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Star-Bulletin Features

Wednesday, December 8, 1999

The Crust Also Rises

The hottest frozen food is the pizza
with the crust that bakes up in the
oven—but which is best?
Our judges pick DiGiorno

By Betty Shimabukuro


PIZZA, we love ya. We love your gooey cheese, your tangy sauce, your meaty toppings, your chewy crust. But your chewy crust ... that's where you sometimes let us down. Especially when you come to us from the freezer.

Technology is on the move, though, and has caught up to our pressing need for a pizza we can heat up at home that'll taste like it came from a pizza parlor. The key is the live yeast that lies dormant in the frozen dough until exposed to heat. Not only does the cheese melt and the sauce heat up, but the crust puffs up and softens, too. It really works.

By Craig T. Kojima, Star-Bulletin

The rising-crust pizza has claimed its place in our convenience-food world.

Sales of frozen pizza are up to $2.4 billion a year, the National Frozen Food Association says, with one-third of those sales credited to rising-crust pizzas. And half the people buying those pizzas are believed to be converts from pizza carryout and delivery services.

Bottom line: In the middle of the holiday rush, you can feed your family at home quickly and easily with a pretty good pizza fresh out of the oven.

But which one?

Here we turn to a panel of judges, precisely qualified for this task. All five are students who eat a lot of pizza -- one said she eats it almost every day, most of it frozen. All, male and female alike, said they could eat four to six pieces at a sitting, maybe even the whole pie. They are also culinary students and have made pizza from scratch, so they understand the process. One judge even works at California Pizza Kitchen.

Before them: Six brand-name rising-crust pizzas and one ringer from Pizza Hut, included as a basis of comparison. They were prepared and served in one of the training kitchens at Kapiolani Community College, the judges' home turf, where all the pies could be baked at one time.

Comments were mixed on all the pizzas, but the clear winner was DiGiorno, with 79 points out of a possible 100, beating out even Pizza Hut. "Sauce tasted like it was made with fresh tomatoes ... excellent crust," Charles Arista said.

The DiGiorno also looked the best straight out of the box, with the toppings in place and evenly distributed -- with some of the others, the toppings seemed to have slid around.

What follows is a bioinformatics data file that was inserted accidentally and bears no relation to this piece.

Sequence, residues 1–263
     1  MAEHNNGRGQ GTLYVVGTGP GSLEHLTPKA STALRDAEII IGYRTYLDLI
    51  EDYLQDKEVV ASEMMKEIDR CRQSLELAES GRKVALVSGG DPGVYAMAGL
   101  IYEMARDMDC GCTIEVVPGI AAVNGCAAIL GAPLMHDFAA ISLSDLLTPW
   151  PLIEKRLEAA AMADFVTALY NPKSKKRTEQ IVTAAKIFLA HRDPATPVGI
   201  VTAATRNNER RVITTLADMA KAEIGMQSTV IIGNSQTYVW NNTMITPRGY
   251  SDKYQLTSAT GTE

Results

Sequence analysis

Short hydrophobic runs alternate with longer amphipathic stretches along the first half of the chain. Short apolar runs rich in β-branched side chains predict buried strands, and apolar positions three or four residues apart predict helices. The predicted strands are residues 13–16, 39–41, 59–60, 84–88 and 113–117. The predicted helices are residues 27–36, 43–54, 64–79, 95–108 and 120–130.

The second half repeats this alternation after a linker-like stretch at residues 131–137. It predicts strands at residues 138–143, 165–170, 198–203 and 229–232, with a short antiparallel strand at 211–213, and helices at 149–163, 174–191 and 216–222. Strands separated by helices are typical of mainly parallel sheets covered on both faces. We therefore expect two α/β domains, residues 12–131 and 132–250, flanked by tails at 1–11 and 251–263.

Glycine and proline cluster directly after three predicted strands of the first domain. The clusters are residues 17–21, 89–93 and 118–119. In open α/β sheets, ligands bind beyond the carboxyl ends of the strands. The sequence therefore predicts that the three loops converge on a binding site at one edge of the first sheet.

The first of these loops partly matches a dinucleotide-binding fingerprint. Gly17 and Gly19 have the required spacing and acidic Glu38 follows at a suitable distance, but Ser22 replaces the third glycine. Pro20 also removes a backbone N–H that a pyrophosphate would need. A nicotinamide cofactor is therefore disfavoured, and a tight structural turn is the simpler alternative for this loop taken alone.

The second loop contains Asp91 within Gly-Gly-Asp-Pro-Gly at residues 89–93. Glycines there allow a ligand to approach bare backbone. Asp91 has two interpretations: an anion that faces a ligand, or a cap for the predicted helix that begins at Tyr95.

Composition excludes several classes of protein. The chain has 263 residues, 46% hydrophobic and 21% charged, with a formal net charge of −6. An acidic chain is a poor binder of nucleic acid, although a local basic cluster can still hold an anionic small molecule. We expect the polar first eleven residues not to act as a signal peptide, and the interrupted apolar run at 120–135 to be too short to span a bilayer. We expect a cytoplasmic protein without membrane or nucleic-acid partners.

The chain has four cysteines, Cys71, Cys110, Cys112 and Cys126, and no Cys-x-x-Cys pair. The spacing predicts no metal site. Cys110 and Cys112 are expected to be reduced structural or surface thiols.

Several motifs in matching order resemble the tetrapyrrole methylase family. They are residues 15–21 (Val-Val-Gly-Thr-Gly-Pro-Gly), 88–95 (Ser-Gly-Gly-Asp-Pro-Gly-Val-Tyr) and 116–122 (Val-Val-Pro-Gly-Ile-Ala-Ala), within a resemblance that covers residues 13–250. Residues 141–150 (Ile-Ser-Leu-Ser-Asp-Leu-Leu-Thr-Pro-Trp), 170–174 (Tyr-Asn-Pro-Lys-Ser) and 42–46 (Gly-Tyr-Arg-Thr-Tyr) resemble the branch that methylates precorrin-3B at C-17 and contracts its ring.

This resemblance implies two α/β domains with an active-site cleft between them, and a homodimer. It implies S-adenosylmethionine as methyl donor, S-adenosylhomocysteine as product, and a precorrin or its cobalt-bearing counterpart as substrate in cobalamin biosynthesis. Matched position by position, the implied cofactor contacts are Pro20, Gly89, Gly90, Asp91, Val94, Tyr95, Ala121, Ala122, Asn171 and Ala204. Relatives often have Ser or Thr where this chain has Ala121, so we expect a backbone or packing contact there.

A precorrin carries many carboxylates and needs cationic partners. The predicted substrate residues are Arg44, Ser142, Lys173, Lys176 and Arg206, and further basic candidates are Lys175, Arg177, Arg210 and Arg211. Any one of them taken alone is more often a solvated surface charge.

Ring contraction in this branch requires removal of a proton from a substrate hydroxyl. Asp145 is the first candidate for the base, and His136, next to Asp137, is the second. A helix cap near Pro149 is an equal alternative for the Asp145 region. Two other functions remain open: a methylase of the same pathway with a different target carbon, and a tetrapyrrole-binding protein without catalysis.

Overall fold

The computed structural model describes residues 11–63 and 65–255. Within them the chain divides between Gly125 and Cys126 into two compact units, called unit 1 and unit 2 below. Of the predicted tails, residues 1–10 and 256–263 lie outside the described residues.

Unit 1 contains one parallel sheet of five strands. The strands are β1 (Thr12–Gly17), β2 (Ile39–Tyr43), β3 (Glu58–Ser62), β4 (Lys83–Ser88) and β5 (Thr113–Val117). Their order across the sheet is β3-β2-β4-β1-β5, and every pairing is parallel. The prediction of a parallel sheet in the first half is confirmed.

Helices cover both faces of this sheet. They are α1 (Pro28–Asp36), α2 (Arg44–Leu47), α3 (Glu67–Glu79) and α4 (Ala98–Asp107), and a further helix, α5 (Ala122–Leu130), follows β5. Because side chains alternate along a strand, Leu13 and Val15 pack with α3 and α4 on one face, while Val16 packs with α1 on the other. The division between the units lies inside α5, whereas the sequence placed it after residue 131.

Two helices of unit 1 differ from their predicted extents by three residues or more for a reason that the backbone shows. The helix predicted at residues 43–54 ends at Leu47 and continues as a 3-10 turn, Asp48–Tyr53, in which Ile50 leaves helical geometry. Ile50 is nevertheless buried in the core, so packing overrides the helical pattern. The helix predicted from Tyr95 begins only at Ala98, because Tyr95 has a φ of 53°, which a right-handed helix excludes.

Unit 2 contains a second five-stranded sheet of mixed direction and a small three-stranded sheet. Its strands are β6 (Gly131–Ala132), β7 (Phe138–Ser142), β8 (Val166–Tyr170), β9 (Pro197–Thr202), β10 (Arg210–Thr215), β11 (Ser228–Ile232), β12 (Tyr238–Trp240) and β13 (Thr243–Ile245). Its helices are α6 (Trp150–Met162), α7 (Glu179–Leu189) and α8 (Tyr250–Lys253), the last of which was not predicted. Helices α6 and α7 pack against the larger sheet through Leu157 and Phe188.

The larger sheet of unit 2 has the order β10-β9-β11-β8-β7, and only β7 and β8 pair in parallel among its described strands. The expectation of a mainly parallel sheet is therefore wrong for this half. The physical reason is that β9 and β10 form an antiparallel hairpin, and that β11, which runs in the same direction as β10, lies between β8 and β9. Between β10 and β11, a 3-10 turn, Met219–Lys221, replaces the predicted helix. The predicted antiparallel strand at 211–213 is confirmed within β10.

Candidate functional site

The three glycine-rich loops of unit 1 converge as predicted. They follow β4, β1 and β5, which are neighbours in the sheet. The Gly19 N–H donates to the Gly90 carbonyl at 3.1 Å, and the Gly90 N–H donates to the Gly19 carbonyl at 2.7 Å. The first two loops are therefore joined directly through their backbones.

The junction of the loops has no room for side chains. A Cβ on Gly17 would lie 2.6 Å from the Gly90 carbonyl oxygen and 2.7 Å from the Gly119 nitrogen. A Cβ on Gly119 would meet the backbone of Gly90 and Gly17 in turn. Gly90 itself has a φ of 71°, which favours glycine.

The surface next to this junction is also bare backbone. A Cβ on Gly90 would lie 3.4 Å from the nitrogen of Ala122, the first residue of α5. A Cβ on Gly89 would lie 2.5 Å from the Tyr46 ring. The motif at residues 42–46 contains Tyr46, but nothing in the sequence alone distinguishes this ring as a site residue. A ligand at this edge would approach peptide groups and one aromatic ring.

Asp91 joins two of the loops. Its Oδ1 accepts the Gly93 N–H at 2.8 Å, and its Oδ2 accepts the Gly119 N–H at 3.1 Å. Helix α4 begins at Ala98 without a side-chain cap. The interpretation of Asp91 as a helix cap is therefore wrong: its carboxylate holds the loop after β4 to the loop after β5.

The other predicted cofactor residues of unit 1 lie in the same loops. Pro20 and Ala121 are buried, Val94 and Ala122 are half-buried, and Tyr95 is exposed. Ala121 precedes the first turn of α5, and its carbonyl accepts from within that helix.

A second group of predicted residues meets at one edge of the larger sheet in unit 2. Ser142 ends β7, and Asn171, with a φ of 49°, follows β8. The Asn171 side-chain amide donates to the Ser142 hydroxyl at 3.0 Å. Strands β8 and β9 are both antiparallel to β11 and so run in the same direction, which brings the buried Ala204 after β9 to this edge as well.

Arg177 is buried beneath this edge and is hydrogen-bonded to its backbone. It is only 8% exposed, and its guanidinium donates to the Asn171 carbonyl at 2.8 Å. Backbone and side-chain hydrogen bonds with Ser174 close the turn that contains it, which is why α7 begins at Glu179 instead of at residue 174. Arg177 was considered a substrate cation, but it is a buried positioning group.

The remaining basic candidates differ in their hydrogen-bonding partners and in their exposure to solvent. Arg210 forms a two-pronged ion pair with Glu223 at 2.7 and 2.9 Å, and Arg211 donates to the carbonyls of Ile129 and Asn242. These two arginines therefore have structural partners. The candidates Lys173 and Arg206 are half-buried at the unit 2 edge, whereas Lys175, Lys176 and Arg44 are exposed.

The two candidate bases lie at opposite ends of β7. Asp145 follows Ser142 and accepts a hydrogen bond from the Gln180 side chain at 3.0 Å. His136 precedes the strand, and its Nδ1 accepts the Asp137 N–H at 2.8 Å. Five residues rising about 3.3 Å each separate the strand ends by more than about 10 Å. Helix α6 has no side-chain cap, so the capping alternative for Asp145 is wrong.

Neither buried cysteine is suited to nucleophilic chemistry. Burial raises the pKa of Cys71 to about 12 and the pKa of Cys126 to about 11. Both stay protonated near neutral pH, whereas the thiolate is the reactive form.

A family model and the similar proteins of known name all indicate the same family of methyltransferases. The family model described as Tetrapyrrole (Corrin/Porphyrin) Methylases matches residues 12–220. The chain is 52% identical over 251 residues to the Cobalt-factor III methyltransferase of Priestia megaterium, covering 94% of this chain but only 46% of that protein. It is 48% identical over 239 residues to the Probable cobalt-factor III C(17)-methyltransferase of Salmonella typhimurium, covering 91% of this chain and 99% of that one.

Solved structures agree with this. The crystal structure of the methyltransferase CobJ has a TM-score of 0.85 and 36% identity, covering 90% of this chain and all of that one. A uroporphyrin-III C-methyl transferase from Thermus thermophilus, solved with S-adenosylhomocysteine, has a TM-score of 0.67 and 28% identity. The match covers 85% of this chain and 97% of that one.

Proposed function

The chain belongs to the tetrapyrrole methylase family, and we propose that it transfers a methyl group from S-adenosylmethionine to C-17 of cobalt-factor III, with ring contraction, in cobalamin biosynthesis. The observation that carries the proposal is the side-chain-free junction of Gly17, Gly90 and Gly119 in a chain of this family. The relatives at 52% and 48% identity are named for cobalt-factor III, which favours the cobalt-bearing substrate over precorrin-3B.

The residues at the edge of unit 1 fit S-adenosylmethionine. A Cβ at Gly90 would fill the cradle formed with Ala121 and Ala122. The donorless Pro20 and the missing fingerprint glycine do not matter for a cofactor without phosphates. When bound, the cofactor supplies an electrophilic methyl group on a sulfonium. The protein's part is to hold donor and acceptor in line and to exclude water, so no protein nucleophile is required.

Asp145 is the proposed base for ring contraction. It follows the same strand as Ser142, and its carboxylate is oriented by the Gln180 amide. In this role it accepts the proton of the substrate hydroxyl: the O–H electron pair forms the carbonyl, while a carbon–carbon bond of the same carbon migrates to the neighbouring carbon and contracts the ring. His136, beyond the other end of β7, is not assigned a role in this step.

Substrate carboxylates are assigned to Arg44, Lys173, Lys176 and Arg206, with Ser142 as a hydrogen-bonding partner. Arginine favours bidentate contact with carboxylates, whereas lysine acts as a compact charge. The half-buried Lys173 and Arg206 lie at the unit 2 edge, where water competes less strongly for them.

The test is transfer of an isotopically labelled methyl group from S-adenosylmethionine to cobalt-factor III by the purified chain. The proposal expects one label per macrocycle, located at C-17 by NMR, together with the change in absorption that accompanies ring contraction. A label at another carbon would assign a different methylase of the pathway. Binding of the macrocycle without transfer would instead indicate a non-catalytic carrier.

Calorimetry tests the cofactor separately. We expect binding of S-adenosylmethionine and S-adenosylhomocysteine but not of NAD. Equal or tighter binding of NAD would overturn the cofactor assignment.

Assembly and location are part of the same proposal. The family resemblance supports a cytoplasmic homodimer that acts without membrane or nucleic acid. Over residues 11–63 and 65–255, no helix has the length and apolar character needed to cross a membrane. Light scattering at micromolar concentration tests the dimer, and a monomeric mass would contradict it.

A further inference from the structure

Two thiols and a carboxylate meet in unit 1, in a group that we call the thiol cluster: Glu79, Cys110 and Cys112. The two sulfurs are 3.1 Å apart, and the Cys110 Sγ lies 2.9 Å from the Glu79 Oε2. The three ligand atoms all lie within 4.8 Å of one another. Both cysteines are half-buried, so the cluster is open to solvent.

By Craig T. Kojima, Star-Bulletin
Pizza judge Tiffany Naughton could pick out the ringer Pizza Hut
slice from the slew of frozen pizzas baked for our taste test at KCC.

Next up was Tombstone (made by Kraft, which also makes DiGiorno, interestingly enough) with 74.5 points, then Pizza Hut with an even 74. Scores fell off steeply from there. Worst of the batch were the Tony's and Mama Celeste pizzas, which never did brown properly, despite nearly an hour in the oven. "Dough had a taffy texture," Ryan Santos said of the Tony's pie. "Had to spit it out."

Special mention should be made of the Freschetta pizza, which didn't score well overall, but was singled out by several judges for the crust, which was soft and well-flavored. Randall Francisco, the KCC instructor who organized the judging panel, said it was remarkable.

This was a blind tasting, by the way, with none of the samples identified until the judging was over. But this panel could not be fooled. Several identified the Pizza Hut sample right away, based on single slice, and a few were able to pick out DiGiorno as well.

Pizza, we love ya, but love is a subjective thing. (Some people don't even like thick crusts, after all this). So before you put your money down on our judges' word, consider their criteria for a great pizza:

Bullet Crust: Crunchy on the outside, moist inside. Soft, but not gooey or oily. The exception was one judge who prefers thin-crust pizzas.

Bullet Sauce: Must have personality. Should not be bland, but not overpowering either. Not too salty or sweet or herby.

Bullet Toppings: Fresh and uniform from piece to piece. Not dried out.

Bullet Cheese: Soft and generous, with "stretchability." If it can also be crunchy on top, that's a plus.


Bullet Pizzas: Supreme rising-crust pizzas by DiGiorno, Freschetta, Mama Celeste, Red Baron, Tombstone and Tony's.

Bullet Ringer: A medium-sized Pizza Hut pan pizza.

Bullet Prices: Frozen pizzas were $7-$8 at Safeway. The Pizza Hut pie was twice that price, but the restaurant offers frequent specials and 2-for-1 deals.

Bullet Preparation: The pizzas were baked together and removed one-by-one once the cheese melted and the crust turned brown (except for two pizzas that wouldn't brown well).

Bullet Judges: KCC culinary students Charles Arista, Shawn Hanakawa, Tiffany Naughton, Ryan Santos and Amber Smith.

Bullet Scoring: In a blind tasting, the judges evaluated crust, toppings, sauce and overall taste, scoring up to 5 points in each category. A total of 20 points was possible for each pizza. Highest possible combined score for all judges was 100.

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